At first they found progress quite slow, and one of their sax players, Pat Burke, had to drop out of the band and take another job while they went through a rough patch. He did rejoin them again later in 1967.[15] [16]

They did a couple of tours backing The Toys and later Motown Records' Edwin Starr.[10] Curtis doubted if this group called The Toys was the original Toys let alone American. They were noticed by Brian Epstein who added them to the roster of his NEMS Agency but the contract became void when he died.[17]

When "Baby Now That I've Found You" was first released it went nowhere. Luckily the BBC's newly founded BBC Radio 1 were looking to avoid any records being played by the pirate radio stations and they looked back at some recent releases that the pirate stations had missed. "Baby, Now That I've Found You" was one of them. The single then took off and by November was number one in the UK Singles Chart.[2] This was the ideal time because of the soul boom that was happening in England since 1965 and with American R&B stars visiting the UK, interest and intrigue in The Foundations was generated. Their second single released in January 1968, "Back On My Feet Again", did not do as well but made it to #18 in the UK,[2] and #29 in Canada. Also in January 1968 they were invited to put down some tracks for John Peel's radio show. One of the tracks that they laid down was a cover of ? and the Mysterians garage classic 96 Tears.[18][19] On the same day PP Arnold was in the studio with Dusty Springfield and Madeline Bell as her backing vocalists.[18]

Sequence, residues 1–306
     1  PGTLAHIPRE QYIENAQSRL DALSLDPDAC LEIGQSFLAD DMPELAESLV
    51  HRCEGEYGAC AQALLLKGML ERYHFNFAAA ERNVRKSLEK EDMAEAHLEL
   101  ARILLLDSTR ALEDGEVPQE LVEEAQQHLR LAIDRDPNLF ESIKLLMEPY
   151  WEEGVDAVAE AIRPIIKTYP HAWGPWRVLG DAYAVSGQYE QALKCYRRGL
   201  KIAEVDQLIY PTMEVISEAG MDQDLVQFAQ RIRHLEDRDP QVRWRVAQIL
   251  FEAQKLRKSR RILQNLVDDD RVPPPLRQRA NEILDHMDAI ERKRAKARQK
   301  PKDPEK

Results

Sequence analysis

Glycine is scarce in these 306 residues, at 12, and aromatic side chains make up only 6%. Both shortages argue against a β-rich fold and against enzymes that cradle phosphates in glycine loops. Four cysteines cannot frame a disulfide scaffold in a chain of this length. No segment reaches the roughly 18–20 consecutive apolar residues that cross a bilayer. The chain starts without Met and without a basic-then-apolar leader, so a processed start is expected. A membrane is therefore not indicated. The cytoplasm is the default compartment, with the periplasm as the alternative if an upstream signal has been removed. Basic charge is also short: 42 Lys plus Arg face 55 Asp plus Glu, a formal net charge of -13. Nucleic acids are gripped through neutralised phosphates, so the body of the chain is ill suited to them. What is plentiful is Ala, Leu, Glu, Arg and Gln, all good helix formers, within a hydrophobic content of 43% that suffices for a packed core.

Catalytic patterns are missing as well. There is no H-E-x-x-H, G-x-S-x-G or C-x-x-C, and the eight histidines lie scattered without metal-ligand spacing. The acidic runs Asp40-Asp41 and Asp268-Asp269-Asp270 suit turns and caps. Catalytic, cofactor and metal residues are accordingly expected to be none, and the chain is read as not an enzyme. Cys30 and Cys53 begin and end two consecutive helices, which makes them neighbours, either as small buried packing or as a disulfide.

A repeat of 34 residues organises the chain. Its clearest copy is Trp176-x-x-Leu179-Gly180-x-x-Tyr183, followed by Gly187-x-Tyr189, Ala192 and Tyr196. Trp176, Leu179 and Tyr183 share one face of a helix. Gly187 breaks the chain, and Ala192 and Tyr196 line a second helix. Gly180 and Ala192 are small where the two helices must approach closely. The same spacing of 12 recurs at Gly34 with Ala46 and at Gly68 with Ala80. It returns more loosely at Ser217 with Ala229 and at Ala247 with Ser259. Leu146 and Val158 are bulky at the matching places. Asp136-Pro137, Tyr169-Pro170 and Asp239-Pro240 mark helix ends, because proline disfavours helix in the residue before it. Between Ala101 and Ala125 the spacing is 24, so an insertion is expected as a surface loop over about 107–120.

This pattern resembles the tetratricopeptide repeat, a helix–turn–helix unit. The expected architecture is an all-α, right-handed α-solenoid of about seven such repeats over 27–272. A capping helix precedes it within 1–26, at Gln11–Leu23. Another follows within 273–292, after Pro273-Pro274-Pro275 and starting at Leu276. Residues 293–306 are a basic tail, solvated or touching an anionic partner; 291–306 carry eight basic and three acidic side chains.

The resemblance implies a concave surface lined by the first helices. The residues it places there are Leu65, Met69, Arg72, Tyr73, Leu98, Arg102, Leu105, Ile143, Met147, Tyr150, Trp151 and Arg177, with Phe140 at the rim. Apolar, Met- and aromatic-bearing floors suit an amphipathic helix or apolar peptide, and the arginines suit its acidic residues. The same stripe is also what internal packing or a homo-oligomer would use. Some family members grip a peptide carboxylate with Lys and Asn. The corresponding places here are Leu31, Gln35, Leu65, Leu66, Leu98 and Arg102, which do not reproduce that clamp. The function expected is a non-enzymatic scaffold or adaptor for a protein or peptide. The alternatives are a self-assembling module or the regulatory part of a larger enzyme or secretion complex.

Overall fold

Around this time after the release of their second single, there were tensions developing between the band and their songwriter/producer, Tony Macaulay. He would not allow them to record any of their own songs.[1] In an interview, the band's organ player, Tony Gomez, told NME Magazine in an interview that he, Peter MacBeth, and Eric Allendale had some ideas that they wanted to put together. Curtis later recalled that Macaulay was a problem. "Tony Macaulay was very talented, but could be difficult to get on with. When we asked to record some of our own material - just as B sides, we weren't after the A side - he called us 'ungrateful' and stormed out of the studio."[3] The group felt that Macaulay had reined in their "real" sound, making them seem more pop-oriented than they were.[1] Tony Macaulay was later to recall, "I was never close to The Foundations. I couldn't stand them, and they hated me! But the body of work we recorded was excellent."[3]